“The hormone that controls urine is produced during deep sleep. If its production is not sufficient, the small child wets the mattress and often cannot get out of diapers”, he teaches.

Faced with so many dangerous (and little-known) effects, the time has come to know what may be behind this difficulty breathing through the nose among little ones.

The ‘stones’ on the way

Generally speaking, mouth breathing happens because the airways are closed. As oxygen does not travel into the nostril, the body then uses an alternate route to keep the lungs functioning.

One of the main “blockers” of the nose is rhinitis, in which there is an allergic reaction to common substances in the environment, such as dust, mites and animal hair.

When the person is in crisis, the lining of the nose thickens, as a result of an inflammatory process, and becomes swollen. To top it off, the production of mucus — the popular phlegm — ends up clogging the tubes through which oxygen would pass. Mucus is produced in an attempt by the body to engulf and expel the “agent” causing the allergy.

Another common cause of nasal closure (and the need to breathe through your mouth) is the growth of tissue called an adenoid.

“This spongy meat is at the back of the nose and is part of the body’s defense system. When exposed to pollution or infectious agents, it increases in size and obstructs the passage of air”, says Bohadana.

When the adenoid is swollen (as illustrated on the right), air does not pass through the upper airway (Photo: GETTY IMAGES via BBC)

When the adenoid is swollen (as illustrated on the right), air does not pass through the upper airway (Photo: GETTY IMAGES via BBC)

The swelling of other structures that are on the face and at the beginning of the throat, such as the tonsils or the inferior turbinates (those “folds” that we have at the back of the nostrils), also prevents the transit of oxygen in this region.

But how can parents and guardians suspect that the child is sleeping with his mouth open?

“Most of the time, it is possible to hear a noise, such as snoring or loud breathing”, points out Ordones.

“Other common signs are a wet pillow due to excess saliva coming out of the mouth and a very restless sleep, the kind in which the child struggles, rolls around in bed and wakes up upside down”, adds the otolaryngologist.

Early diagnosis (and treatment) is critical

Regardless of the source, doctors insist that discovering the problem early in life has lifelong benefits.

“If we perform interventions before the age of four, we can completely reverse most bone and muscle changes”, highlights Bohadana.

Let it be clear: treatment can improve health and quality of life in any age group, but the beneficial effects will be much greater when it is done in early childhood.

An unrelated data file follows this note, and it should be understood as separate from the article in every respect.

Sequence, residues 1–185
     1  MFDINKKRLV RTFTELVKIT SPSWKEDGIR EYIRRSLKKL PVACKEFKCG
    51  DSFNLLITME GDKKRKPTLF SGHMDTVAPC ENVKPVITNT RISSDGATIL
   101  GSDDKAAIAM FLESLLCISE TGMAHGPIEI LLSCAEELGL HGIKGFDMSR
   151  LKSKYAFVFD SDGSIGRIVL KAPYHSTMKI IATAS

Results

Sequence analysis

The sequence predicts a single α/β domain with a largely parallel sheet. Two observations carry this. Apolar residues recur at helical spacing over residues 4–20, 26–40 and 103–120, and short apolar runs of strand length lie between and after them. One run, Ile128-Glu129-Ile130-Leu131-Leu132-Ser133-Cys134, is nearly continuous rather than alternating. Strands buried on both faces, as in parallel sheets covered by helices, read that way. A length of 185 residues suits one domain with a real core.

When noticing any sign that the child sleeps with his mouth open, therefore, the first step is to seek an ENT for an initial evaluation.

In the office itself, the doctor can perform an exam called nasofibroscopy, in which a small camera is introduced into the nostrils to visualize all the internal structures and check if something is swollen or out of place.

Early diagnosis of mouth breathing prevents major problems at other times in life (Photo: GETTY IMAGES via BBC)

Early diagnosis of mouth breathing prevents major problems at other times in life (Photo: GETTY IMAGES via BBC)

If the problem is related to rhinitis, the treatment involves some changes in the environment in which the child lives (such as eliminating carpets, stuffed animals and other sources of dust and mites from the bedroom, for example) and the prescription of medications that regulate the inflammation and relieve sneezing and stuffy nose attacks.

Now, if an increase in the adenoid (which is not completely reversed with allergy control), tonsils or lower turbinates is detected, surgery is necessary.

“The procedure is relatively simple, the child is usually discharged on the same day and the postoperative pain is quite tolerable”, explains Bohadana.

“On average, after seven days the child is already well and recovered.”

The otolaryngologist emphasizes that the sooner the surgery is performed, the better the results.

“Sometimes parents are afraid and prefer to wait for the child to grow a little before removing the amygdala or adenoid, because they think that this can harm immunity”, he comments.

“We know that if these structures are removed, other parts of the defense system can meet the needs.”

“And that’s not to mention that waiting to have surgery can worsen or deepen all those sequelae of mouth breathing”, concludes the specialist.

In addition to the scalpel intervention, in many cases it is also necessary to have speech therapy sessions, with the aim of strengthening the muscles of the face and exercising the entry of air through the nostrils.

This all guarantees a more peaceful and healthy breathing, which takes place for the rest of your life through the most appropriate way: your own nose.

See the link below for a full report on the causes and treatments against rhinitis.

Rhinitis: know the causes and ways to control it